I’m not beautiful despite my flaws; I’m beautiful because of them.
– Tess Garcia
I love when people I look up to are honest on social media. I know I’m not the only one who prefers scrolling through a realistic mix of sweet and unsavory moments over a carefully curated, aspirational selection. It’s one thing to admire that sort of behavior from behind a screen; adopting it yourself, on the other hand, is something else entirely.
I’ve been picking my skin since my very first zit sprung up on my chin in seventh grade. No larger than a grain of rice, the swollen spot seemed to overshadow everything I loved about my appearance. A few days into its residence on my face, I couldn’t take it anymore. One night, when no one was watching, I slipped into my parents’ bathroom, planted myself in front of their impossibly clean mirror, and picked. From that day on, I returned to that mirror in moments of stress, poking and prodding at every impurity I encountered — or imagined — on my skin.
When I left for college, my toxic relationship with pimple popping waned, probably because of the lack of privacy in my dorm’s communal bathrooms. Even so, I still dealt with blips of relapse every now and again. Throughout that time, I saw friends with far more noticeable skin conditions unabashedly posting photos of themselves on Instagram and Twitter. I thought they looked beautiful no matter their skin, but I hardly saw myself the same way. “Great for them,” I’d tell myself, “but that couldn’t be me.” Putting my punctured, swelling face on public display would mean admitting I had a problem.
In the coming years, the sort of skin positivity I’d first seen from my friends began trickling into mainstream media. The emergence of Teen Vogue’s 2017 Acne Awards, a package of articles discussing all things skin care, marked a turning point for me. The series launched with an introductory story explaining that the goal of the Acne Awards was not to shame readers into “fixing” their skin but to provide them the resources to accept their appearance and approach skin care from whatever vantage point felt right. In the article’s accompanying image, three girls are seen lying serenely, their acne-pocked smiles glowing and adorned with small flowers. Then a freshman in college, that was the first time I’d seen marks like mine depicted by a magazine in a positive light. The models looked beautiful — but not in spite of their skin. The unique textures of their cheeks, temples, and T-zones actually added to the beauty of the photos; before then, I hadn’t even known that was possible.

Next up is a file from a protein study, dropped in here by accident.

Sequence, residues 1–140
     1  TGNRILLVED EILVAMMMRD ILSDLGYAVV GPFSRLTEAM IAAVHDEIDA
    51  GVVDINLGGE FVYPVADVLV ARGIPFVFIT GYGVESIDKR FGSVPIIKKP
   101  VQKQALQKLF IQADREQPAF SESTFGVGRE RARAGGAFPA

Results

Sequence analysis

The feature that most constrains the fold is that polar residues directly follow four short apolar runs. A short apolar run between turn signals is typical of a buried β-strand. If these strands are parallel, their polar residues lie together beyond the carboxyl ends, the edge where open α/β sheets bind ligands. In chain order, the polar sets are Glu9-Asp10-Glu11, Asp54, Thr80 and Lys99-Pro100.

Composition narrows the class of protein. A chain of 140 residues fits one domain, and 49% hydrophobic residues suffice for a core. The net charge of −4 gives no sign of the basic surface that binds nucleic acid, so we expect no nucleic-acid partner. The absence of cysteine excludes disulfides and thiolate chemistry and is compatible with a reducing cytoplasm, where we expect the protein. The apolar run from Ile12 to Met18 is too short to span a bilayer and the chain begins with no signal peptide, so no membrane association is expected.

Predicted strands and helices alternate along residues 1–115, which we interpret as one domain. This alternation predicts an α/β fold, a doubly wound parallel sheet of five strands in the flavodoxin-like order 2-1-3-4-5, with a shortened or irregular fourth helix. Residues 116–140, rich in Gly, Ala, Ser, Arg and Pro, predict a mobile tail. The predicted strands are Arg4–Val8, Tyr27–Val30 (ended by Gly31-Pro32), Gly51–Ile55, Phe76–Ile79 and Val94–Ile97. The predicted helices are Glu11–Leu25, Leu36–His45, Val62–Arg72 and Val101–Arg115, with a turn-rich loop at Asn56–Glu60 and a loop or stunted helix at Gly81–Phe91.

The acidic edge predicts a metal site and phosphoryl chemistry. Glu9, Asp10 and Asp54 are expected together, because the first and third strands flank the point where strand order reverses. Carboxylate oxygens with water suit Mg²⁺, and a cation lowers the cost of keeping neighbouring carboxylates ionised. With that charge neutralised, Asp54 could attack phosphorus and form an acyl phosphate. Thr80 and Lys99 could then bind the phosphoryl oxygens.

Staring into my phone screen and seeing the gorgeous, imperfect faces of those young women looking back at me, I saw my deepest insecurities reflected and even embraced by people outside my inner circle for the very first time. In witnessing that dramatic upheaval of the status quo, skin positivity turned from a spectacle I cheered on from the sidelines to a movement I found myself barrelling into full steam ahead.
Today, I continue to grapple with skin-picking urges, but I no longer view my habit as a fatal flaw. As media outlets have slowly but surely introduced a more complex standard for beautiful skin, I’ve managed to reframe my outlook on what was once a debilitating secret. I’ve learned to love the skin I’m in no matter how it may look on any given day. Every zit I squeeze is just a slip-up on my journey toward self-acceptance, and I now know that path was never meant to be linear. Instead of dwelling on actions I can’t take back, I’ve shifted my focus toward the positive changes I can make in my life right now. A filter-free Instagram post feels like a great place to start.